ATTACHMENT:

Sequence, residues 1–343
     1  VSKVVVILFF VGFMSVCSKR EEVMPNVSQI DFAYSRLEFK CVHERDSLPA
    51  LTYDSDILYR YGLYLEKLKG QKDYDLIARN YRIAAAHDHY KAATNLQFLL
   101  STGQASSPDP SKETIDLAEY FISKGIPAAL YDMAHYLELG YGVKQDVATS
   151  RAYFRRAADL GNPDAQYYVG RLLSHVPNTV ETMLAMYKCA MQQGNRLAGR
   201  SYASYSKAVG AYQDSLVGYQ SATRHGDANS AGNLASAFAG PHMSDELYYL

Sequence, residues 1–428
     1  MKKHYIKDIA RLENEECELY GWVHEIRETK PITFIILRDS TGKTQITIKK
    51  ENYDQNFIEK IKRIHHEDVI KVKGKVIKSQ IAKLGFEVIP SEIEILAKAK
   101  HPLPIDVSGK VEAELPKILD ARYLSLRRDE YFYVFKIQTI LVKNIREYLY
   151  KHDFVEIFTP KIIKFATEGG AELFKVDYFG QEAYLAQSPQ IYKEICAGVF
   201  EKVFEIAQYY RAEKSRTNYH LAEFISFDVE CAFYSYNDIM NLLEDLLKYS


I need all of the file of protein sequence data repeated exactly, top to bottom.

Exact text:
Sequence, residues 1–343
     1  VSKVVVILFF VGFMSVCSKR EEVMPNVSQI DFAYSRLEFK CVHERDSLPA
    51  LTYDSDILYR YGLYLEKLKG QKDYDLIARN YRIAAAHDHY KAATNLQFLL
   101  STGQASSPDP SKETIDLAEY FISKGIPAAL YDMAHYLELG YGVKQDVATS
   151  RAYFRRAADL GNPDAQYYVG RLLSHVPNTV ETMLAMYKCA MQQGNRLAGR
   201  SYASYSKAVG AYQDSLVGYQ SATRHGDANS AGNLASAFAG PHMSDELYYL

Sequence, residues 1–428
     1  MKKHYIKDIA RLENEECELY GWVHEIRETK PITFIILRDS TGKTQITIKK
    51  ENYDQNFIEK IKRIHHEDVI KVKGKVIKSQ IAKLGFEVIP SEIEILAKAK
   101  HPLPIDVSGK VEAELPKILD ARYLSLRRDE YFYVFKIQTI LVKNIREYLY
   151  KHDFVEIFTP KIIKFATEGG AELFKVDYFG QEAYLAQSPQ IYKEICAGVF
   201  EKVFEIAQYY RAEKSRTNYH LAEFISFDVE CAFYSYNDIM NLLEDLLKYS